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Learn from the Animals – Lessons in Life and the Cello

Only have an hour to spare but want to watch a cello movie? Love anime? This beautiful, 1-hour film is free to watch on YouTube.*

Cellist Gauche and the visiting cat. Screenshot from Cello Hiki no Gauche. Copyright by production studio and/or distributor. Intended for editorial use only.

Cellist Gauche and the visiting cat. Screenshot from Cello Hiki no Gauche. Copyright by the production studio and/or distributor. Intended for editorial use only.

Cello Hiki no Gauche

Today’s cello movie is a Japanese anime film from 1982, called Cello Hiki no Gauche, based on a short story by Kenji Miyazawa.

There have been a number of film adaptations of this story (1949, 1953, and 1963). Isao Takahata directed this version and wrote the screen adaptation. Oh! Production animated the film.

He Learns from the Animals

Cellist Gauche and the visiting mice. Screenshot from Cello Hiki no Gauche. Copyright by production studio and/or distributor. Intended for editorial use only.

Cellist Gauche and the visiting mice. Screenshot from Cello Hiki no Gauche. Copyright by the production studio and/or distributor. Intended for editorial use only.

Gauche the cellist plays in a theater orchestra and lives in an old mill outside of town. The movie opens with the conductor berating Gauche for making mistakes in his part.

When he goes home to practice, every night a different animal visits him. At first, the animals irritate him but ultimately they teach him about music and life. Gauche learns about interacting with others as well as about music.

He’s harsh with the cat, his first visitor, but as he gains more experience with different animals (as well as with different aspects of music), Gauche treats the animals with more respect and sympathy. At the same time, the animals teach Gauche about music and about playing with other musicians.

Gauche learns from the cuckoo. Copyright by production studio and/or distributor. Intended for editorial use only.

Gauche learns from the cuckoo. Screenshot from Cello Hiki no Gauche. Copyright by the production studio and/or distributor. Intended for editorial use only.

A Duet with a Tanuki

One of our favorite scenes depicts the evening where a tanuki (a Japanese raccoon dog) teaches Gauche how to play his part in time with other musicians.

The polite little tanuki arrives and says he wants to learn from Gauche. In the end, the roles are reversed and the tanuki teaches Gauche instead.

The two practice a duet on Gauche’s cello – the tanuki beating on the instrument with his mallets. They appear to enjoy making music together. One can almost feel the beating of the tanuki’s mallets!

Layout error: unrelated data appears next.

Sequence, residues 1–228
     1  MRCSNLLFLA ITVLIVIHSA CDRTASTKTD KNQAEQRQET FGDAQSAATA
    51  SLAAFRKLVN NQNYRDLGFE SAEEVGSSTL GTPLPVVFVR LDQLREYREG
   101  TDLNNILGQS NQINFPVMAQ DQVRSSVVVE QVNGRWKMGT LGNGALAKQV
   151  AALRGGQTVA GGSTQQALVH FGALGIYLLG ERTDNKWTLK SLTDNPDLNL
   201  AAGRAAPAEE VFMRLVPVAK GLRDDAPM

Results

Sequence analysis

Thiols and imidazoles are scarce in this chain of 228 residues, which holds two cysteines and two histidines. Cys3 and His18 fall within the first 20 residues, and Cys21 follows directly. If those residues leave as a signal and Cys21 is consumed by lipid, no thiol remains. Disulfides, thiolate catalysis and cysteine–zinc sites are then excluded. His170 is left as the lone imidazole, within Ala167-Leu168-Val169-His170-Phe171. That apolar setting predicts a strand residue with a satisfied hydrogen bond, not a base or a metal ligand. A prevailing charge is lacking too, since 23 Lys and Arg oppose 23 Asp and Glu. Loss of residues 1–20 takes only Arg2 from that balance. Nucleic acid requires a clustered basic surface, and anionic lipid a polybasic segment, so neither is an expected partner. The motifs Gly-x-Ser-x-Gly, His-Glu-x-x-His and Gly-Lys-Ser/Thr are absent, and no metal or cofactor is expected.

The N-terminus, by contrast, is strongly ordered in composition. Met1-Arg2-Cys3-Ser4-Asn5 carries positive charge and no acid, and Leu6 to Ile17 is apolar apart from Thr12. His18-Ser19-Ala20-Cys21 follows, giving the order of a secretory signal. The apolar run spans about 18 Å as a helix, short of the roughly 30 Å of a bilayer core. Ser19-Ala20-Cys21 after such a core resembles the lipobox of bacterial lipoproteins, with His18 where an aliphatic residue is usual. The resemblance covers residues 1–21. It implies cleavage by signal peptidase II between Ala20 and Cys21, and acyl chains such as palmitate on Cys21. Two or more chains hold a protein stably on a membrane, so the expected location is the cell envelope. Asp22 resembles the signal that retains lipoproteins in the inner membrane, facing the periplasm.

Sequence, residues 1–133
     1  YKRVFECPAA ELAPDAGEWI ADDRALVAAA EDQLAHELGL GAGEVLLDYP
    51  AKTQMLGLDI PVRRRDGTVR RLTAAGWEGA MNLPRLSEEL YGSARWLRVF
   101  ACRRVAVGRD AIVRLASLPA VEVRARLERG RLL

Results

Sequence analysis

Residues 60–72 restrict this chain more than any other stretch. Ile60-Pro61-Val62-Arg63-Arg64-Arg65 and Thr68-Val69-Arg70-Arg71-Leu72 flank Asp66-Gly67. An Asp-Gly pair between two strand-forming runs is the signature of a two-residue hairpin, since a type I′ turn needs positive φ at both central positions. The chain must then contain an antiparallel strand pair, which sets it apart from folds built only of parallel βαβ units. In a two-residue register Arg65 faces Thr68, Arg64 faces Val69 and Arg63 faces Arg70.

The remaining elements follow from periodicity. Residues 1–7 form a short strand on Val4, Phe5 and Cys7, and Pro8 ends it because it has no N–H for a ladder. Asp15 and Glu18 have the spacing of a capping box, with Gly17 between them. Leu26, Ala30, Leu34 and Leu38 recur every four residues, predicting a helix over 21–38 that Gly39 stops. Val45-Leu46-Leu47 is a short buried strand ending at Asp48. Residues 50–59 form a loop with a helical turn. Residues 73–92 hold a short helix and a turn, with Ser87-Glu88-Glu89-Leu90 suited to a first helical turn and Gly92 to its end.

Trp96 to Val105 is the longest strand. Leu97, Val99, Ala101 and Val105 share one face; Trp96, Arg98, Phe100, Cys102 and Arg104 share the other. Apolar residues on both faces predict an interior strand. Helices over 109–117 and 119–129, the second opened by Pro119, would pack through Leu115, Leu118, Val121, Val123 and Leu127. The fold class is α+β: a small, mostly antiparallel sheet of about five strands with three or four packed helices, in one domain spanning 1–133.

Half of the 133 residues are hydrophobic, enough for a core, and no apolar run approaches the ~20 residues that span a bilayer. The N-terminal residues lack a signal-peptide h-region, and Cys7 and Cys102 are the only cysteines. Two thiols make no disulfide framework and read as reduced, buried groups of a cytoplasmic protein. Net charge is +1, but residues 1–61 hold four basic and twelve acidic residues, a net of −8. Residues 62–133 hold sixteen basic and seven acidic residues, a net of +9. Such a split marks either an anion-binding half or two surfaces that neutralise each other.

Gauche Learns from the Tanuki. GIF from Cello Hiki no Gauche. Copyright by production studio and/or distributor. Intended for editorial use only.

Gauche Learns from the Tanuki. GIF from Cello Hiki no Gauche. Copyright by the production studio and/or distributor. Intended for editorial use only.

Cello Lessons IRL

The cello animation is beautifully done. While the cello set-up is not standard – the bridge is placed very high in relation to the f-holes, the animated cello technique is very detailed.

The lead animator, Shunji Saida, took cello lessons so that he could accurately depict Gauche’s cello playing. Saida’s attention to detail shows.

This beautiful, 1-hour anime cello movie took Saida and his team six years to create.

Short clip of Gauche playing the cello.

Gauche playing the cello. GIF from Cello Hiki no Gauche. Copyright by the production studio and/or distributor. Intended for editorial use only.

Want to read the book?

The film closely follows Miyazawa’s original short story. For those who don’t read Japanese, here is an English version included in a collection of his short stories:  Once and Forever: The Tales of Kenji Miyazawa, translated by John Bester.

Here’s another English version. This one is a simplified picture book for children that includes four other stories and comes with an audio CD of readings by actors accompanied by music.

Although we would have preferred real strings to the synthesized string sound on the CD, particularly in the part of the story with the orchestra, the recording is well done. Very young English speakers will enjoy this shortened version of the story and its illustrations.

Where to Find the Film

At the time of publication of this article, the film is available for free* on YouTube in the USA, and we hope it is free to view in other locations as well. We found it on Amazon as Gauche the Cellist on DVD and Blu-ray at a premium price.

Here is the full movie on YouTube:


We hope this cello movie gives you an enjoyable short break from your regular schedule. This is a fun film for cellists young and old.

Your Turn

What are your favorite cello movies? Let us know in the comments below and be sure to subscribe to our weekly newsletter.



* Unfortunately, we cannot test viewing options from other regions, and YouTube videos come and go. Be sure to check DVD viewing formats in your area before purchasing.
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